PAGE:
Stella Adler on Method Acting

Stella1
Credit: The Famous People

A big influence on the modern Hollywood acting style comes from Stella Adler. She had done away with the earlier big gestures used in silent film acting, such as an actor placing both hands on their heart to indicate sorrow. She bridged the gap between early twentieth-century Russian theatre and what was becoming popular in film at the time. Adler drew from the imagination rather than personal experience. She had a name in American theatre, appeared in a handful of films and has taught some of the greatest actors of all time. She was known for her harsh, but fair analysis of student’s skills. Some included Marlon Brando and James Dean. Even after her passing, the likes of Mark Ruffalo and Angelina Jolie have studied at her acting schools.

Stella Adler was born on the 10th of February, 1901. Her father, Jacob P. Adler, was a famous actor on the Yiddish Theatre circuit. She was only four-years-old when he had her star in one of his productions, Broken Hearts. Adler had no formal acting training, but instead learnt from her father and by watching others. By her late-teens, she had been in over one hundred plays either in the Yiddish Theatre or as part of a vaudeville act. Adler’s performances took her all over the United States, Europe and South America.

In 1931, she was invited to join the Group Theatre in New York City. Adler accepted the offer but never felt fully welcome. Many agree this is where she achieved her best work as Sarah Grassman in Success Story, Adah Menken in Gold Eagle Guy, Bessie Berger in Awake and Sing and Clara in Paradise Lost. The Group Theatre was formed by Harold Clurman, Cheryl Crawford and Lee Strasberg; themselves experimental actors focusing on cutting edge techniques and deeply influenced by Russian theorist Konstantin Stanislavski. Adler and Strasberg frequently clashed over the interpretation of Stanislavski’s work.

Stella2
Credit: Stella Adler: A Life in Art

Having a break, Adler headed to Europe in 1934. On a chance encounter in Paris, she met Stanislavski and was not only able to speak with him, but was instructed and taught by him for the next five weeks. Stanislavski was born in Moscow in 1863, was an actor himself and brought new psychological and emotional aspects to the craft. His theories were big in the United States in the 1930s. Adler was the first and only American to study directly under him. Returning home with new insight, Adler and Strasberg still couldn’t find a common ground so she decided to leave the Group Theatre.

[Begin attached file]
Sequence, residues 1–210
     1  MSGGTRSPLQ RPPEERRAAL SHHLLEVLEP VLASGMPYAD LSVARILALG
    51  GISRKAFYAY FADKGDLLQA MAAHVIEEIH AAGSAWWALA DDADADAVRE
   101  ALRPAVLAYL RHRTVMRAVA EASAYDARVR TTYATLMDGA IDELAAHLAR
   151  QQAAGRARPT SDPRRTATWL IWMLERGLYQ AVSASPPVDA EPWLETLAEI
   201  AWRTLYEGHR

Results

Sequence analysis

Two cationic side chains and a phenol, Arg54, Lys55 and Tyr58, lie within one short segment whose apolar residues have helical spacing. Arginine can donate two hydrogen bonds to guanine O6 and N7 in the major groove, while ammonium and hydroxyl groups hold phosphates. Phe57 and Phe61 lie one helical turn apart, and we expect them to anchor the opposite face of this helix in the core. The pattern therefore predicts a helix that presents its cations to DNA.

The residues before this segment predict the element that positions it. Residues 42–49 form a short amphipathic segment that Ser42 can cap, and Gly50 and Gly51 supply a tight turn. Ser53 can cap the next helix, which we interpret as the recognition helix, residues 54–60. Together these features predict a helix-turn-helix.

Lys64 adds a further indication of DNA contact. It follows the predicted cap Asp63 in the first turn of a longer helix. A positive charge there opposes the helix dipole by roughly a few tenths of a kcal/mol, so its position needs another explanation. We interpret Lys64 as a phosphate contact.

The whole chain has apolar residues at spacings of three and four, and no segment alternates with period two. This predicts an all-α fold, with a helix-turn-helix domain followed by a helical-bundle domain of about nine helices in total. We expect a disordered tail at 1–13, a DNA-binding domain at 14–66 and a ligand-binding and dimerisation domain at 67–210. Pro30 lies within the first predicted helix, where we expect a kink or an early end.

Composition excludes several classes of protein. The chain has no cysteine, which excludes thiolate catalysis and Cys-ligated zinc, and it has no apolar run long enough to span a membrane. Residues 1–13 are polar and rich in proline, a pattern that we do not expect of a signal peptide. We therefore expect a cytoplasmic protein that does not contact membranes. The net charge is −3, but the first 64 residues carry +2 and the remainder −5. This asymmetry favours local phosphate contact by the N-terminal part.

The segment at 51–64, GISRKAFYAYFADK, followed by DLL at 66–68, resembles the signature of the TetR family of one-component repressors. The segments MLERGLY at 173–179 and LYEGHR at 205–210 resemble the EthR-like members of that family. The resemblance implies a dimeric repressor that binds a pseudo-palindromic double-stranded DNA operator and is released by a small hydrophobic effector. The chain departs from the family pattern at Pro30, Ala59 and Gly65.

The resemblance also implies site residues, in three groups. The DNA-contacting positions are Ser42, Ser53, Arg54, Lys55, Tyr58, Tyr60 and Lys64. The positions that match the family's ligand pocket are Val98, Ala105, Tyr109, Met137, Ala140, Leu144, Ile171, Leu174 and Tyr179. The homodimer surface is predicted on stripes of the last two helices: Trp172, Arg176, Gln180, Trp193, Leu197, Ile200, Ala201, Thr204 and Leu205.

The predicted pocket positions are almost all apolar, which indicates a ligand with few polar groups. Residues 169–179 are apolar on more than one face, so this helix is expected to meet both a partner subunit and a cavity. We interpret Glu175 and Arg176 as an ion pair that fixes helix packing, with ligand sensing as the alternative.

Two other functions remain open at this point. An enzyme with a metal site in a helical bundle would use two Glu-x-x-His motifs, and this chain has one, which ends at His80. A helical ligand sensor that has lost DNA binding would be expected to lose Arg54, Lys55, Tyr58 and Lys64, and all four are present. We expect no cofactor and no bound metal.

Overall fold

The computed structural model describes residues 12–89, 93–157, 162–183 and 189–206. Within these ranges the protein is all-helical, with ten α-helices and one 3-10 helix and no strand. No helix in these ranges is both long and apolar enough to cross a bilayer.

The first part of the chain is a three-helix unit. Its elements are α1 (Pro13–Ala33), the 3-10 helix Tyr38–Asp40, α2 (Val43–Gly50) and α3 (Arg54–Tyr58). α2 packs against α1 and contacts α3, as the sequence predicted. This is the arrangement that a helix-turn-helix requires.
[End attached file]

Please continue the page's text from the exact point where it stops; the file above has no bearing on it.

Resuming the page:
In 1937, Adler gave Hollywood a shot. She appeared in three films: Love on Toast (1937), Shadow of the Thin Man (1941) and My Girl Tisa (1948). Adler spent six years as an associate producer at MGM. She taught acting at the New School for Social Research around this time. Adler also directed commercial theatre in the 1940s and 1950s.

The Stella Adler School of Acting first opened its doors in New York in 1949. She could finally teach acting her own way. Where Lee Strasberg highlighted an actor’s need to draw upon personal experience to envision a character, Adler focused and honed the imagination. She was against the idea of using past traumas as a way to achieve an emotion, especially a negative one. In her own words: “drawing on emotions I experienced – for example, when my mother died – to create a role is sick and schizophrenic, I don’t want to do that.” Adler instead focused on spiritual realism, emotional memory, dramatic and self-analysis, and disciplined practise. Adler received critical acclaim for her work with Marlon Brando and his performance in A Streetcar Named Desire (1951). He was nominated for Best Actor at the 1952 Academy Awards.

Stella3
Credit: Los Angeles Times

Today, Adler’s school is known as the Stella Adler Studio of Acting. It is a not-for-profit organisation; an LA branch opened in 1984. Both run weekly acting classes. Some actors to come through Adler’s schools include Robert De Niro, Paul Newman, Marilyn Monroe, Al Pacino, Alec Baldwin, Dustin Hoffman, Salma Hayek, Steve Buscemi and Scarlett Johansson.

Stella4
Credit: John Kehoe Bookseller

Adler officially retired from acting in 1961. In the later part of the decade, Adler juggled her time between her acting school and teaching at Yale University’s School of Drama. She was head of drama at New York University in the 1980s. Adler released a book in 1988, The Technique of Acting. The book is still widely taught and referenced. She continued to teach until her death from a heart attack on December 21, 1992.

Stella5
Credit: Pinterest

This article was originally posted on The Sydney Feminists Blogspot on November 21st, 2017. (http://thesydneyfeminists.blogspot.com.au)

Sources:

8 Acting Techniques (and the Stars Who Swear by Them) (https://www.backstage.com/advice-for-actors/resources/8-acting-techniques-and-stars-who-swear-them/)

Encyclopaedia Britannica – Stella Adler (https://www.britannica.com/biography/Stella-Adler)

PBS – American Masters (http://www.pbs.org/wnet/americanmasters/stella-adler-about-stella-adler/526/)

Stella Adler Biography (https://www.thefamouspeople.com/profiles/stella-adler-5150.php)

Stella Adler – IMDb (http://www.imdb.com/name/nm0012245/bio)

Stella Adler Los Angeles (http://www.stellaadler.la/)

Stella Adler Studio of Acting (http://www.stellaadler.com/)

The Hawksian Woman Archetype

to_have_and_have_not-dvd-r1-01347
Credit: Envisioning the American Dream